There’s no God, says Stephen Hawking in his last book

Rodiano Bonacci
Ottobre 19, 2018

He noted that time travel is possible and that artificial intelligence would likely outsmart humans, another topic which he has previously spoken about.

"There is no God". No one directs the universe", he writes in "Brief Answers to the Big Questions, a copy of which is with IANS. "I prefer to think that everything can be explained another way, by the laws of nature".

The book was released in the West on Tuesday and arrived at Indian bookstores on Wednesday.

"He was regularly asked a set of questions and what we wanted to do with this book is bring together the most definitive and authentic answers he gave", she said. "He would be absolutely delighted".

Aside from his disbelief in there being a God, Hawking also spoke about his belief in other life forms beyond Earth. "There are forms of intelligent life out there", writes Hawking. "We need to be wary of answering back until we have developed a bit further".

"Travel back in time can't be ruled out according to our present understanding", he wrote.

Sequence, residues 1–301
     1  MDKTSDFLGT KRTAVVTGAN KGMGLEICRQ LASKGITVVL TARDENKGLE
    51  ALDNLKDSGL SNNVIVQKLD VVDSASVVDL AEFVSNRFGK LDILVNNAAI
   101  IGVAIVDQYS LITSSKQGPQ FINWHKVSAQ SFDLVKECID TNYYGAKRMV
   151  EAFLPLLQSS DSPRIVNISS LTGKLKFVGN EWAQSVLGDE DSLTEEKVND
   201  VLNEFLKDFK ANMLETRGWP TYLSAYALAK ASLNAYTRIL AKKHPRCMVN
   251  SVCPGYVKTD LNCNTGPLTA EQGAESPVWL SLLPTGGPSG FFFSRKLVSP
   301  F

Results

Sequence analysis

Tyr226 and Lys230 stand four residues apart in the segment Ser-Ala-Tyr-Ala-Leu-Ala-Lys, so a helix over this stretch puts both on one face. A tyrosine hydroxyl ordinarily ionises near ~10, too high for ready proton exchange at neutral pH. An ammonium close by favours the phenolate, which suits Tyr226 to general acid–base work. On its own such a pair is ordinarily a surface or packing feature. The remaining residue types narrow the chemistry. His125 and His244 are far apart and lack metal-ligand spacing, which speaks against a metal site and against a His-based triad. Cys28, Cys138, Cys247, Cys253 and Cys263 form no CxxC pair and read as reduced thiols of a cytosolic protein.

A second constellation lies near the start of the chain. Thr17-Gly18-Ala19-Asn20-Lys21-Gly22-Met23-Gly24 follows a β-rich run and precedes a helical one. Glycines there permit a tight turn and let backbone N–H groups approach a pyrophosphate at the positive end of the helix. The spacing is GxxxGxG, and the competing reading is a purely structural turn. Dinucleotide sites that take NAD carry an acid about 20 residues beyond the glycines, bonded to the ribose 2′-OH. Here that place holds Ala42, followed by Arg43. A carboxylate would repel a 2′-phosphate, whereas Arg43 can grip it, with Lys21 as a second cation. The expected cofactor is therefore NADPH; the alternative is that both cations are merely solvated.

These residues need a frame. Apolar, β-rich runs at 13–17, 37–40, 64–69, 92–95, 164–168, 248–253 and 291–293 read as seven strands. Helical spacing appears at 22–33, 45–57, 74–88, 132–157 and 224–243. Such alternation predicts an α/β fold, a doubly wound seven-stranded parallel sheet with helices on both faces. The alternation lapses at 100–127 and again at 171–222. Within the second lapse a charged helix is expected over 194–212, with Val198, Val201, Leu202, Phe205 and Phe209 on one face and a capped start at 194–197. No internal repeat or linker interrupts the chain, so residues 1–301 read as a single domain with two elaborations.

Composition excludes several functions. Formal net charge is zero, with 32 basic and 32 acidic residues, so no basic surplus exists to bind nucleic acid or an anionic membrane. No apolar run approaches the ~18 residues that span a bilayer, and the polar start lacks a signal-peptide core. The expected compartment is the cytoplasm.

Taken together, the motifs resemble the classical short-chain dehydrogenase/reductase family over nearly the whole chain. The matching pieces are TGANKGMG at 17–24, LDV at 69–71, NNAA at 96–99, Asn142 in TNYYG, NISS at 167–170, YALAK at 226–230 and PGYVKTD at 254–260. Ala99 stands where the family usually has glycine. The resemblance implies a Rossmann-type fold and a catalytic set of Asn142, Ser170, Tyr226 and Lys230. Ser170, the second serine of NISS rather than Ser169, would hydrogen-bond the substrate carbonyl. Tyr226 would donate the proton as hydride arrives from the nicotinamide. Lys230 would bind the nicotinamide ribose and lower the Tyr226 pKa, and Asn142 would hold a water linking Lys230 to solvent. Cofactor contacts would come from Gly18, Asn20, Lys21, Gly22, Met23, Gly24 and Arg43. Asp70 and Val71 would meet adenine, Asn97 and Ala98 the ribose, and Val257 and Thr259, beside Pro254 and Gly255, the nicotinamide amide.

The British scientist pointed to his own diagnosis of Lou Gehrig's disease, or amyotrophic lateral sclerosis, for the basis of his belief.

Hawking died in March at age 76 before the book could be completed - but colleagues and family, including his daughter Lucy, stepped in to finish it.

His many publications included "The Large Scale Structure of Spacetime" with G F R Ellis, "General Relativity: An Einstein Centenary Survey", with W Israel, and "300 Years of Gravitation", with W Israel. "How good is the track record of the human race in using advances in technology for the good of ordinary people?"

"With Brexit and Trump now exerting new forces in relation to immigration and the development of education, we are witnessing a global revolt against experts, and that includes scientists", Hawking said.

"He makes this comment about how we seem to have lost the ability to look outward, and we are increasingly looking inward to ourselves", she added.

Hawking's final message to readers, though, is a hopeful one.

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